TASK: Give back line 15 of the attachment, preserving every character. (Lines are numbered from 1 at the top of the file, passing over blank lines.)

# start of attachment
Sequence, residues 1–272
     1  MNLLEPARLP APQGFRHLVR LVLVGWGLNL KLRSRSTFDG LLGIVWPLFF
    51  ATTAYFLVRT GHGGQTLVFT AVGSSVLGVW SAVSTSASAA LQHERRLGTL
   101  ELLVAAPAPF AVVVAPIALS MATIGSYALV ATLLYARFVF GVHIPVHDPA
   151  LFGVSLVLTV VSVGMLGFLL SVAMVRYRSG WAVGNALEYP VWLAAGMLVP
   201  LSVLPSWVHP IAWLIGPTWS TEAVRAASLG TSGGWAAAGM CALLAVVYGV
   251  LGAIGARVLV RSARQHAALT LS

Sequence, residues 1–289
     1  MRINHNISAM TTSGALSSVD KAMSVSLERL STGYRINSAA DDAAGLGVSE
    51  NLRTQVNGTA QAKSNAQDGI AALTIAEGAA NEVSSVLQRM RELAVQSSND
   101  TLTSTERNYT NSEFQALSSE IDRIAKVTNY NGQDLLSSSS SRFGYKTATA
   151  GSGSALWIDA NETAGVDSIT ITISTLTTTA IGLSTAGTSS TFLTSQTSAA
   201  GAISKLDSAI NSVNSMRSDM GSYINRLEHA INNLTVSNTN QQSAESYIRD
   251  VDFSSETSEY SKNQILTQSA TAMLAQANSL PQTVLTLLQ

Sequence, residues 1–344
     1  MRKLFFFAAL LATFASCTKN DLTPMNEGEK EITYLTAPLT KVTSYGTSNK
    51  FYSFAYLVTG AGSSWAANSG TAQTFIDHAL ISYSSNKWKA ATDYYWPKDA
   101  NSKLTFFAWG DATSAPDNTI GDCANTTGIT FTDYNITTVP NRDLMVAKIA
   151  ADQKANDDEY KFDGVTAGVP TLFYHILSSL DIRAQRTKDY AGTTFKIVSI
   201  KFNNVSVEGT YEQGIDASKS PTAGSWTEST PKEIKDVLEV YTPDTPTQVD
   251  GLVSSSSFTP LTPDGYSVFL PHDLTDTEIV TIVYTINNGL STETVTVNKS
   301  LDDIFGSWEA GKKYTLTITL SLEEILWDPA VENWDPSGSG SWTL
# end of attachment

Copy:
Sequence, residues 1–344